Emily Cornelius was a 2011-2013 Wormsloe Fellow and a M.S. student in the Odum School of Ecology at the University of Georgia. Her thesis work focused on the energetic trade-offs that occur within migratory songbirds during the fall migration. As birds migrate they must store an immense amount of fat to fly the long-distance to their wintering ground, and thus other physiological needs are over-looked, such as the ability to fight off parasite or disease infection.
Emily grew up in Southwest Michigan where she didn’t discover her strong interest in the outdoors until a study abroad trip to Panama in 2009! She went on to receive a B.S. from Michigan State University (MSU) in Zoology: Ecology, Evolution, and Organismal Biology. While at MSU, she worked in the Avian Health and Disease Ecology laboratory in the Fisheries and Wildlife department for two years. It was while working in this lab that she developed her passion for birds and disease research. After coming to UGA, she discovered her love of migration ecology, which perfectly aligned with her passion for avian research.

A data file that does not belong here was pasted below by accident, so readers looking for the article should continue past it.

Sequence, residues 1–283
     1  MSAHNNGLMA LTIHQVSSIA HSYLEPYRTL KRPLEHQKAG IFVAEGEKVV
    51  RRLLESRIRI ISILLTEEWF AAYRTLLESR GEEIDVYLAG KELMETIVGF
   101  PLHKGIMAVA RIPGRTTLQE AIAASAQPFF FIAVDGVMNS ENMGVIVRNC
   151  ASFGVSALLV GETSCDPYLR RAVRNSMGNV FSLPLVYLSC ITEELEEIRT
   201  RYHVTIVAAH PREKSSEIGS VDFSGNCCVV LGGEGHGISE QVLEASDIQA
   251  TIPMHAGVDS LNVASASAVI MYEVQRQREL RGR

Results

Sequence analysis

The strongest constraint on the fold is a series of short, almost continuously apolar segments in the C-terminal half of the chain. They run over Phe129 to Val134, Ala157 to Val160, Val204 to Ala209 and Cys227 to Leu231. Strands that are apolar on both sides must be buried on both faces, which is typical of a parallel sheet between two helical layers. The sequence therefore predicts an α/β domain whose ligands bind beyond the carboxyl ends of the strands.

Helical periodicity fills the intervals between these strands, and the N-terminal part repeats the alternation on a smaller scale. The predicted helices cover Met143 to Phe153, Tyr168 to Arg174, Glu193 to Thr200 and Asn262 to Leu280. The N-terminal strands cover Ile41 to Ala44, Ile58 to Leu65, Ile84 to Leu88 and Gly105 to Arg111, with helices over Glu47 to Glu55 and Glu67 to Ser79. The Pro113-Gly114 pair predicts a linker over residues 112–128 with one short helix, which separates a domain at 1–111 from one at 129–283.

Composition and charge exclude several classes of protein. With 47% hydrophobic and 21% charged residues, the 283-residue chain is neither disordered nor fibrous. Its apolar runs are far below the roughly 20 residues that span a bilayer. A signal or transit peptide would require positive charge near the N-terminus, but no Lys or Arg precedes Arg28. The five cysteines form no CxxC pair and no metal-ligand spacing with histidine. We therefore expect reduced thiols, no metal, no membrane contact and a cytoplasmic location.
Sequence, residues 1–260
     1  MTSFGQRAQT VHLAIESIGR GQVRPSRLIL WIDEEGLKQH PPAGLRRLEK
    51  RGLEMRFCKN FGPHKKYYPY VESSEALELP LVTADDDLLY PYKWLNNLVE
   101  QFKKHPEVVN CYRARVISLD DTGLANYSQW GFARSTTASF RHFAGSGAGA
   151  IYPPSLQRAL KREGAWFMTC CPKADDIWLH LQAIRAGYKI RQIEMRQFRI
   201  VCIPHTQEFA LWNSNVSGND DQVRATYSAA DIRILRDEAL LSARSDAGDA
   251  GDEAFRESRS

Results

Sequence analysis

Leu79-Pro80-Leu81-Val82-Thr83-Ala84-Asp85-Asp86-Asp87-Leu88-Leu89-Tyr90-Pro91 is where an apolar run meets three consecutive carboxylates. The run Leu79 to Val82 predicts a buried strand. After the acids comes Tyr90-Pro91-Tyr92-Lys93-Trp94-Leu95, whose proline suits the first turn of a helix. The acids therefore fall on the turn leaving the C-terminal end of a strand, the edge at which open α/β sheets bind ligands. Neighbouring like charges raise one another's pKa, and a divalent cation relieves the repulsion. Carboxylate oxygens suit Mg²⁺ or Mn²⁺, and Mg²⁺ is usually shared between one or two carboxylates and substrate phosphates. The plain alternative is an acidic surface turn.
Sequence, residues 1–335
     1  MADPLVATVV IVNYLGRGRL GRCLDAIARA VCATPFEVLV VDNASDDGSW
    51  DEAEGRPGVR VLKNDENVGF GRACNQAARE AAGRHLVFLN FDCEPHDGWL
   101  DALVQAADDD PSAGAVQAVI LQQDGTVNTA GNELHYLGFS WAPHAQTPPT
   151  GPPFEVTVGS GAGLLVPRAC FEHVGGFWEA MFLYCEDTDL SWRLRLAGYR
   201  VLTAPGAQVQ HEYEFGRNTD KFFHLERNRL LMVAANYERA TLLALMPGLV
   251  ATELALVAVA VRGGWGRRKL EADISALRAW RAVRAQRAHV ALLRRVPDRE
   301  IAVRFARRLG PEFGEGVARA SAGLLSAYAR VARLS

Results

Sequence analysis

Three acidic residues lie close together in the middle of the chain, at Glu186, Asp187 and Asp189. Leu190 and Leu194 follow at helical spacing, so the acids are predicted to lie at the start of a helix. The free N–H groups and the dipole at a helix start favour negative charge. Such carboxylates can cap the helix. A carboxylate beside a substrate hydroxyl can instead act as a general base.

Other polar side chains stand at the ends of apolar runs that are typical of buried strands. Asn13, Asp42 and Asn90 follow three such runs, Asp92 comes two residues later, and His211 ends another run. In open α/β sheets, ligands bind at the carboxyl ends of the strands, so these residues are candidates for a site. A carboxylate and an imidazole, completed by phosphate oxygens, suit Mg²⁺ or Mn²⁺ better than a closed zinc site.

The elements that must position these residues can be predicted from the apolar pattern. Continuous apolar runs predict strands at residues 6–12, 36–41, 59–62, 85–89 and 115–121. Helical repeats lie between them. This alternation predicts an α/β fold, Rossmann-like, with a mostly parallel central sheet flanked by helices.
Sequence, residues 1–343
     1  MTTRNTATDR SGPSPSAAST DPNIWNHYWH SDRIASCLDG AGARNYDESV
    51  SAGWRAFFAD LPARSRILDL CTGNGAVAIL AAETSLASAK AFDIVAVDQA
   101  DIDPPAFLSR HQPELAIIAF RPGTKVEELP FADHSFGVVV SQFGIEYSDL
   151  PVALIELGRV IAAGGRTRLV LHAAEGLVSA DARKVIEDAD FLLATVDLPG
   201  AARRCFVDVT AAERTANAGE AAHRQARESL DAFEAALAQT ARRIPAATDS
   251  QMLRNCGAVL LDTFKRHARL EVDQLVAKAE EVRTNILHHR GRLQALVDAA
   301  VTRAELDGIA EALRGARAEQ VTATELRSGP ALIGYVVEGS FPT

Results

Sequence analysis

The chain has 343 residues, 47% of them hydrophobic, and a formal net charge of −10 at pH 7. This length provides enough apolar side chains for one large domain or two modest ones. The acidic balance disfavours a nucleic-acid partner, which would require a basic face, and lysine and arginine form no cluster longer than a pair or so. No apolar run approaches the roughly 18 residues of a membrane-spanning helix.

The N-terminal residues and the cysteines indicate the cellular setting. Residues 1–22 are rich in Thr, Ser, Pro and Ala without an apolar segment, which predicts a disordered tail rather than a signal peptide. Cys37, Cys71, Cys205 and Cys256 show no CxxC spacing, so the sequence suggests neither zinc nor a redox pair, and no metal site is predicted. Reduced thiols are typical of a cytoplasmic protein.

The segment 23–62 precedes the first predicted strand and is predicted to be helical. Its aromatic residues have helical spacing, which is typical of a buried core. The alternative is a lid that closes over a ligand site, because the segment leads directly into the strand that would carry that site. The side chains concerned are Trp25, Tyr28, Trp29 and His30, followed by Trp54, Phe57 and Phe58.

Emily is currently pursuing a PhD in Wildlife Ecology at the University of Winsconsin.